Taxability of composite supply and mixed supply

Composite supply (Section 2(30) of the CGST Act, 2017)

1) What is composite supply?

Composite supply is defined under 2(30) of CGST Act, which means a supply made by a taxable person to a recipient consisting of two or more taxable supplies of goods or services or both, or any combination thereof, which are naturally bundled and supplied in conjunction with each other in the ordinary course of business, one of which is a principal supply.

Analysis

Supply is treated as composite supply only if following conditions are satisfied:

i. Supply must be made by a taxable person

  • Taxable person means a person who carries on any business at any place in India and who is registered or required to be registered under the GST Act
  • Person includes individuals, HUF, company, firm, LLP, an AOP/BOI, any corporation or government company, body corporate incorporated under laws of foreign country, co-operative society, local authority, government, trust, artificial judicial person.
  • Person who is registered means those who were already registered in previous tax regimes before GST (VAT, Service tax, excise) and automatically got registered in GST regime.
  • Person required to be registered means who require to obtain registration under section 22 or section 24 of CGST Act.

ii. Supply must comprise of two or more taxable supplies

  • Taxable supply means any supply of goods or services or both which is leviable to tax under the Act.
  • Taxable supply includes exempt supply by virtue of definition of taxable supply u/s 2(108).

iii. Supply of goods or services or both must be naturally bundled

  • Two supplies cannot be considered as naturally bundled only because those supplies occurring simultaneously.
  • How to identify whether any supply is naturally bundled in the ordinary course of business or not??

Whether services are bundled in the ordinary course of business would depend upon the normal or frequent practices followed in the area of business to which services relate. Such normal and frequent practices adopted in a business can be ascertained from several indicators some of which are listed below-

a) Perception of the consumer or the service receiver

b) Majority of service providers in the in a particular area of business provide similar bundle of services

c) The nature of various services

d) Advertised as a single package

e) Single Price

f) Different elements are not available separately

g) Different elements are integral to one overall supply

  • Supply is naturally bundled or not needs to be examined on case to case basis.

iv. Supply of goods or services or both must be supplied in conjunction with each other in the ordinary course of business.

v. One of the supplies involved must qualify as principal supply

  • Principal supply is defined under section 2(90).
  • Principal supply means a supply having predominant element of composite supply to which all other supplies forming part of that composite supply is ancillary.
  • The ancillary supply becomes necessary only because of the acceptance of the predominant supply.

2) How to determine following in case of composite supply??

i. Time of supply

ii. Place of supply

iii. Invoicing

iv. Value of supply

As composite supply is deemed as supply of principal supply and all other supplies are incidental and ancillary to principal supply, so all the matters as specified above shall be determined in respect of principal supply.

3) Tax treatment of Composite supply:

Composite supply shall be treated as a supply of   principal supply and the rate of GST shall be the rate applicable to such principal supply.

Circulars on Composite supply

i. Circular No. 11/11/2017 on treatment of printing contracts:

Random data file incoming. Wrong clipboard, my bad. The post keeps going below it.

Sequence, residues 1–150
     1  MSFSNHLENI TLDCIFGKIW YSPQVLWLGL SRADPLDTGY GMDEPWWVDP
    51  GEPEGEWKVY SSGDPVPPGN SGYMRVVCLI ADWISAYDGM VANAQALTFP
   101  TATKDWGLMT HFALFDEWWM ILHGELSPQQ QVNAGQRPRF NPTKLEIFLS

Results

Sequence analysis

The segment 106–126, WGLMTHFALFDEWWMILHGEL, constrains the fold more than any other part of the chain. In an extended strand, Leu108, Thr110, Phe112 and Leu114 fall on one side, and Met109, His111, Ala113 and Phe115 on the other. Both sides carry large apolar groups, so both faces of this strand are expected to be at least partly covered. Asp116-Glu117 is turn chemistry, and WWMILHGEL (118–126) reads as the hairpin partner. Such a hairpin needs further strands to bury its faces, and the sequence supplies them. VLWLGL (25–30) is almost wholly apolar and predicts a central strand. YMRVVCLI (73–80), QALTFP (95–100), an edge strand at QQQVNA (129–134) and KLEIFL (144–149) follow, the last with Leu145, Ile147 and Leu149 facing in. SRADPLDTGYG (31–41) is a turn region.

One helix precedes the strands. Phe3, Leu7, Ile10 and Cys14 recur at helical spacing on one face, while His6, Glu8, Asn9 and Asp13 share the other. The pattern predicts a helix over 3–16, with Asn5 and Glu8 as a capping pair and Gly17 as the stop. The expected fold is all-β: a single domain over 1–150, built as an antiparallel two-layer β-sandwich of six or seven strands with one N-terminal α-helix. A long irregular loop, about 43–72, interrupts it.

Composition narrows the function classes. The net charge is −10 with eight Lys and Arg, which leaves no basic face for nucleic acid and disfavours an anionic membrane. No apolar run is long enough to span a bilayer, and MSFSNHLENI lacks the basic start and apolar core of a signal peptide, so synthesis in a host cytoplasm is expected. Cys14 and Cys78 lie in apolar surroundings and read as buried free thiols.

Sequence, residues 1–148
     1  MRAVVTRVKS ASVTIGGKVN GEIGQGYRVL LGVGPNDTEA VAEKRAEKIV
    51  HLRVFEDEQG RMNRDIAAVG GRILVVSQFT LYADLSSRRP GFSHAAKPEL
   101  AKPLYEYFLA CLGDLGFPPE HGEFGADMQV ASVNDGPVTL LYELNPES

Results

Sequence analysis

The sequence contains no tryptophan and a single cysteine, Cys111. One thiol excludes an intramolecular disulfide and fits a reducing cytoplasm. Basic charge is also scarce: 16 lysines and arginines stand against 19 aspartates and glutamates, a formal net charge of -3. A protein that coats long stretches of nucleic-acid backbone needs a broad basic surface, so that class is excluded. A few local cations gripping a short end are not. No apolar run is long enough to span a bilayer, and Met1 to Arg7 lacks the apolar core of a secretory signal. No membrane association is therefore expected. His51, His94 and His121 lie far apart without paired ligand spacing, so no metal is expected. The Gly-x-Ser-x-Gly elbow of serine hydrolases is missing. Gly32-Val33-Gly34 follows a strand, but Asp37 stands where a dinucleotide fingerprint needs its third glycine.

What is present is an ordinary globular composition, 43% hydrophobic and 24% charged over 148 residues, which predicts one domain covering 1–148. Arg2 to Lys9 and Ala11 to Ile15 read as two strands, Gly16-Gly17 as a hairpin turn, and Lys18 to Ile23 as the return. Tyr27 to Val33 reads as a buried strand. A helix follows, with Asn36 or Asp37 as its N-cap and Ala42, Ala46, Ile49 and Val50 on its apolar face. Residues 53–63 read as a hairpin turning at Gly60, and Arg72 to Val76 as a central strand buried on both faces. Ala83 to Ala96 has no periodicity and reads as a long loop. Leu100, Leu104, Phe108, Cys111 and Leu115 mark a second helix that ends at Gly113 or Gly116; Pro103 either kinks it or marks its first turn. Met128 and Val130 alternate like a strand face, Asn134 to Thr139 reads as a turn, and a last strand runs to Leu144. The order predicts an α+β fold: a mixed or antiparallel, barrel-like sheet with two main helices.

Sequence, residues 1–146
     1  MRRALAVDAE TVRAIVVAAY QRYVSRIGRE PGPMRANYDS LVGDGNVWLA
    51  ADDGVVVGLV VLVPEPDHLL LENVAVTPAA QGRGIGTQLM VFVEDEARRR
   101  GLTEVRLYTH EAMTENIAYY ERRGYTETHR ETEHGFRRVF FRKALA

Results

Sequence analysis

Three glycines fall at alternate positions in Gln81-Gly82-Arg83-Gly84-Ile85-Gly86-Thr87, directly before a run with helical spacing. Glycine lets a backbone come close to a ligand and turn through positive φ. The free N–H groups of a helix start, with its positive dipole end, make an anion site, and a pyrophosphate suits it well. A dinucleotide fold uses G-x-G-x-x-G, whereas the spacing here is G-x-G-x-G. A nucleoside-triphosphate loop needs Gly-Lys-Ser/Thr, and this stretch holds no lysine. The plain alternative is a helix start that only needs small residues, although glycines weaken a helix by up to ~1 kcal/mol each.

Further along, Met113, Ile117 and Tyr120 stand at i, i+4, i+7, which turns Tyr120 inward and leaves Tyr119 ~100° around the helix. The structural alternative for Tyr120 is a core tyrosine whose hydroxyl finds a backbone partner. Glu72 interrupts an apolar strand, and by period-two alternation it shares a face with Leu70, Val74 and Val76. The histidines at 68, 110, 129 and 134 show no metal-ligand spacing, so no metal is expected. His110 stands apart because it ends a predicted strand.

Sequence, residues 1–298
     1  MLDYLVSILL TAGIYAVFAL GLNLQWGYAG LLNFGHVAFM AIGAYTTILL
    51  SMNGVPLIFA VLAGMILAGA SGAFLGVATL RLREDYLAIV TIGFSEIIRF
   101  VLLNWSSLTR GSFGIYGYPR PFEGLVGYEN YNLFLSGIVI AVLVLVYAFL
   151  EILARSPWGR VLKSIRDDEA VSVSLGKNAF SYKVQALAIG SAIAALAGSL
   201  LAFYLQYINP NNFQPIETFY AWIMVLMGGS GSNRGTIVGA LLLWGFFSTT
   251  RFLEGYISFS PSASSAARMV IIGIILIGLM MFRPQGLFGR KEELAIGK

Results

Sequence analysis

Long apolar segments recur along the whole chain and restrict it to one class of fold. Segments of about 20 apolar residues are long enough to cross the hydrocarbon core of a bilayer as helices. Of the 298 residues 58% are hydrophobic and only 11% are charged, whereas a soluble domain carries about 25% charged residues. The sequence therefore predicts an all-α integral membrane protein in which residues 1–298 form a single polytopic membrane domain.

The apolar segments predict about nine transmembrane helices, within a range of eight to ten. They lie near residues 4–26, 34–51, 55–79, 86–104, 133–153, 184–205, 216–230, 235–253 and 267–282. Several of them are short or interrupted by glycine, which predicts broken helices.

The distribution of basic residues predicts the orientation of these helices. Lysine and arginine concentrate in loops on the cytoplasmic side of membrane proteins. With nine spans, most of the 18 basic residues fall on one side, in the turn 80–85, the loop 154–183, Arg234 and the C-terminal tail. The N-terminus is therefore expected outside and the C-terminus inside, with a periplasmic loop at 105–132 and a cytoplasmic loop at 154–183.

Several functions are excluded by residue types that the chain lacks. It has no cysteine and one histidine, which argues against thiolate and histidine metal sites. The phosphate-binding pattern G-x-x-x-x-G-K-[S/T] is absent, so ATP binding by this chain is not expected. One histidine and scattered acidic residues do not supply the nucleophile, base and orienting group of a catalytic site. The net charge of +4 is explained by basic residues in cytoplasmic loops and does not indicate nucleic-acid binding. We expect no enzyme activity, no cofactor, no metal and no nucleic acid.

• In the case of printing of books, pamphlets, brochures, annual reports, and the like, where only content is supplied by the publisher or the person who owns the usage rights to the intangible inputs while the physical inputs including paper used for printing belong to the printer, supply of printing [of the content supplied by the recipient of supply] is the principal supply.

In simple terms we can say purchase of any book is for content so published and not for quality of paper or printing. We should identify purpose/use of any supply and in this case the content is principal supply and printing is ancillary supply.

  • In case of supply of printed envelopes, letter cards, printed boxes, tissues, napkins, wall paper etc. falling under Chapter 48 or 49, printed with design, logo etc. supplied by the recipient of goods but made using physical inputs including paper belonging to the printer, predominant supply is that of goods and the supply of printing of the content [supplied by the recipient of supply] is ancillary to the principal supply of goods and therefore such supplies would constitute supply of goods.

In simple terms we can say use of tissues, napkins are used for cleaning of hands and logo or any design on such tissue, napkins are not principal activity for such supply therefore here principal supply is of goods.

ii. Circular No. 34/8/2018 on retreading of tyres:

In retreading of tyres, which is a composite supply, the pre-dominant element is the process of retreading which is a supply of service. Rubber used for retreading is an ancillary supply.

In simple terms we can say retreading is a re-manufacturing process for tyres that replace the tread on worn tyres. Rubber used in retreading is not principal supply and ancillary to the process and actually process of retreading on tyres is supply of service and not supply of goods and is principal supply.

iii. Circular No. 32/06/2018 on food supplies to patients as advised by doctors:

Food supplied to the in-patients as advised by doctors/ Nutritionists is a part of composite supply of health care and not separately taxable. As health care services are exempt so food supply will also be covered under this health care service.

Further it is clarified that supplies of food to patients (not admitted) or their attendants or visitors by hospital are taxable.

4) Some illustrations of composite supply:

i. Renting of immovable property would be the main supply and provision of other utilities such as electricity, and water supply, fuel etc. would be in the nature of ancillary supply.